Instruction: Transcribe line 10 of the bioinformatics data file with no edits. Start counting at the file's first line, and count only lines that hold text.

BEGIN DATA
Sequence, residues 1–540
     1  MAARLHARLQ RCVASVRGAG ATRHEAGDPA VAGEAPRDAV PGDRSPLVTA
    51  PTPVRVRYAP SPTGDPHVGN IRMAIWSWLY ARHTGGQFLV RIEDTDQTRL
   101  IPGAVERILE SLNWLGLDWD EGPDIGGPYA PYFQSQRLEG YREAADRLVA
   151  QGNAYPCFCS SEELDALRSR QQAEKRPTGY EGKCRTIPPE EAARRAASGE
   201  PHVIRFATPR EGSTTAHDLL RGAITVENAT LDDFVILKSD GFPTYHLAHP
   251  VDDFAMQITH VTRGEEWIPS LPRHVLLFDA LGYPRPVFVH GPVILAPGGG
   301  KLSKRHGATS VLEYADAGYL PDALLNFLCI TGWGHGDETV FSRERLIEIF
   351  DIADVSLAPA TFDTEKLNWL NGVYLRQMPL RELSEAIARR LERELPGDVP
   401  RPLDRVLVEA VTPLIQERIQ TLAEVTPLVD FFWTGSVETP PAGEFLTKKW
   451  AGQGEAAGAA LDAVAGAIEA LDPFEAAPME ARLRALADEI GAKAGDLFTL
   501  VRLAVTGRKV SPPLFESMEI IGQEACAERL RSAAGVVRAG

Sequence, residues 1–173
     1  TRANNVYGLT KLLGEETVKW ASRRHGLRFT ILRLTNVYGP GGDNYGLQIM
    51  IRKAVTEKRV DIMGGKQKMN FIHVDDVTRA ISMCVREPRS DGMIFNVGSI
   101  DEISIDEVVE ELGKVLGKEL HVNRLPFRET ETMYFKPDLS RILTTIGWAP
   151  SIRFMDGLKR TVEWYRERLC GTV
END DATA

   401  RPLDRVLVEA VTPLIQERIQ TLAEVTPLVD FFWTGSVETP PAGEFLTKKW